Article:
A Perth based labour hire company has been fined $20,000 (and ordered to pay $517.50 in costs) for failing to ensure the safety of workers it supplied to a waste recycling company.
The company used an untrained recruitment consultant to undertake safety inspections on a WA Worksite. The recruitment consultant was “acting” as a safety officer but had no training or experience in undertaking risk assessments.
Eastlink Enterprise Pty Ltd pleaded guilty to failing to provide and maintain a safe workplace for its labour hire workers and was fined in the Perth Magistrates Court in August.
In 2013, Eastlink had supplied its employees to Resource Recovery Solutions in Bayswater, a company that specialises in recycling waste from construction and demolition sites.
The main part of the Resource Recovery Solutions workplace is a very large shed housing an automated recycling plant composed of numerous crushers and screeners with material being moved through on a series of conveyors.
Also inside the shed is a small prefabricated hut known as the picking station with a flat roof constructed of rectangular modular panels.
Passing over the picking station roof are two large conveyor belts that carry the recyclable material, which is mostly masonry plus dirt and sand. As the belts pass over the rollers, materials are jolted loose to fall on the roof of the picking station.
Cleaning this material off the roof of the picking station is usually carried out at the end of the day as part of a general workplace clean-up, with between two and four workers usually assigned to the task.
The task involves shovelling the material back onto the conveyor belt or off the side of the roof, requiring the workers to get very close to the edge of the roof.
The height from the edge of the roof of the picking station to the concrete floor below is 5.76 metres. The roof was not fitted with any edge protection, nor was any fall injury prevention system – such as safety harnesses – used.
A recruitment consultant from Eastlink was sent to the workplace before its employees were sent there, and he concluded that it was a suitable workplace. However, Eastlink had not trained the consultant in hazard identification at client workplaces, nor had he been provided with any sort of hazard identification checklist.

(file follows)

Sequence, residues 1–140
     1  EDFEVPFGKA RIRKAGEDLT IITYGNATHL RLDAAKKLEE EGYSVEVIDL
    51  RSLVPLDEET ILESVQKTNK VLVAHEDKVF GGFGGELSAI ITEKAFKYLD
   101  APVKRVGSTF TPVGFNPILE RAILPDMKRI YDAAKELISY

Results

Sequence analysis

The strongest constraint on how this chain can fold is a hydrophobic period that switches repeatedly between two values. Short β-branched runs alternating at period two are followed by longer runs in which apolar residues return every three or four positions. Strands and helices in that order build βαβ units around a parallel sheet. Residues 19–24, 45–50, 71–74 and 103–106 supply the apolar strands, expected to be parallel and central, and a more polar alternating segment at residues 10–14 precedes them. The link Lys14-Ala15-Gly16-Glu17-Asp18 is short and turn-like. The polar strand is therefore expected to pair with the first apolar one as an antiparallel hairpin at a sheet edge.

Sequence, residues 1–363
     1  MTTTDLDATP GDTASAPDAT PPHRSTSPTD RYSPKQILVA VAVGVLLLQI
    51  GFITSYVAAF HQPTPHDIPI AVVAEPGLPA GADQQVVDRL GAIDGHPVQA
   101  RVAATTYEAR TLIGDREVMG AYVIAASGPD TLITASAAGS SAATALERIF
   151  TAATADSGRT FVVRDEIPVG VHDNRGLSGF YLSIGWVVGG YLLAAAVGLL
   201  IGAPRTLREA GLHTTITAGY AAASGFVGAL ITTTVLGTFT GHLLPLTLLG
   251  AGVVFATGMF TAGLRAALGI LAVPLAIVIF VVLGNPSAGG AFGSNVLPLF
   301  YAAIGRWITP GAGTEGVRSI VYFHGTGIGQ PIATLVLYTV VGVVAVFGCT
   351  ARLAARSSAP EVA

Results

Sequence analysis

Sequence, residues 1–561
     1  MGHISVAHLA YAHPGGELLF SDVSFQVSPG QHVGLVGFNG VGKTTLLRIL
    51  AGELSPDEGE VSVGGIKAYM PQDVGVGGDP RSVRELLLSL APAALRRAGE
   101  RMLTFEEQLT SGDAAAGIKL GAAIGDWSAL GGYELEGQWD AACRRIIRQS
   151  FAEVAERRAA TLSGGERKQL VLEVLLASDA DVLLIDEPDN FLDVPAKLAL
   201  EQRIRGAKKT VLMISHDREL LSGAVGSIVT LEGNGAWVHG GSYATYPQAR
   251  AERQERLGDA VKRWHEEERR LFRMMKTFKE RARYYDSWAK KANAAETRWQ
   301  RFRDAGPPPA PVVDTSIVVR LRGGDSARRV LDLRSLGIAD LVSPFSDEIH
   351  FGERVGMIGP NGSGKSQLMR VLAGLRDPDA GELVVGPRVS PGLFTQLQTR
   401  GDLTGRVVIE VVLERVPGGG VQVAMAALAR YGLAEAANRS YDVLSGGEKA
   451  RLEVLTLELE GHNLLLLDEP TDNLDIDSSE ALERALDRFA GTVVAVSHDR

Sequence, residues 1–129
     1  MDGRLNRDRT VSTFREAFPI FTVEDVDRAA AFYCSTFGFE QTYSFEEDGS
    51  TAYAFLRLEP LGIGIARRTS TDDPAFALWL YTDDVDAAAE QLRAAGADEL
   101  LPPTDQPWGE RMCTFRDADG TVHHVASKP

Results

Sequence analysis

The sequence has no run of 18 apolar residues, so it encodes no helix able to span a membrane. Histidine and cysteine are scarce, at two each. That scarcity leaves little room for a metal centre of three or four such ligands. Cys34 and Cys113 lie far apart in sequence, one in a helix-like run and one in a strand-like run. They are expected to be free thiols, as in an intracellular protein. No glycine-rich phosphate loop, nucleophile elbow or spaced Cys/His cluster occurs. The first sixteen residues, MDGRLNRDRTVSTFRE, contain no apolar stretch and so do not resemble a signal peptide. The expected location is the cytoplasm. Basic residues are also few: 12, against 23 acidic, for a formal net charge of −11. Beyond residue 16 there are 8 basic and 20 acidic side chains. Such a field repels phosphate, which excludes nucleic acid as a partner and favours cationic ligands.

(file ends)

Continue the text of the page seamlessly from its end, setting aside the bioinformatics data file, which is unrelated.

Some information was sought by the consultant in areas such as job duties, hours of work and break times, but the client was not asked if it had done any risk assessments on the tasks the workers would be doing.
WorkSafe WA Commissioner Lex McCulloch said the case should serve as a reminder to both employers and labour hire companies that they are responsible for the safety of labour hire workers.
“It is crucial that labour hire providers ensure that workplaces in which they are placing workers are as free from hazards as they can possibly be,” Mr McCulloch said.
“Keeping work placements safe should include providing a suitable induction specific to the workplace and carefully assessing the workplace for any potential hazards before placements are sent there.
“Not only did Eastlink fail to identify potential hazards in the workplace to which they were sending workers, the company failed to even identify all the tasks their employees would be carrying out.
“It is also important that the workplace is monitored by the labour hire company to ensure that safety and health requirements are continuing to be implemented and that no new risks have arisen.
“In this case, the recruitment consultant did visit the workplace regularly, but he never saw or spoke to the labour hire workers placed there to check if they were satisfied with safety at the workplace.
“In addition, Eastlink was aware that its workers were being directed to conduct work at heights, but failed to do any assessment of the work being done.
“In fact, the court was told that one of the work placements rang a director of Eastlink to report his concerns about being required to work at heights with no safety measures, but the director did not take any action.
“Labour hire companies need to get the message that they share responsibility for the safety and health of every worker they send to a workplace.
“This case should also serve as a warning to employers that the courts are willing to impose fines for unsafe work practices even if no incident has occurred.”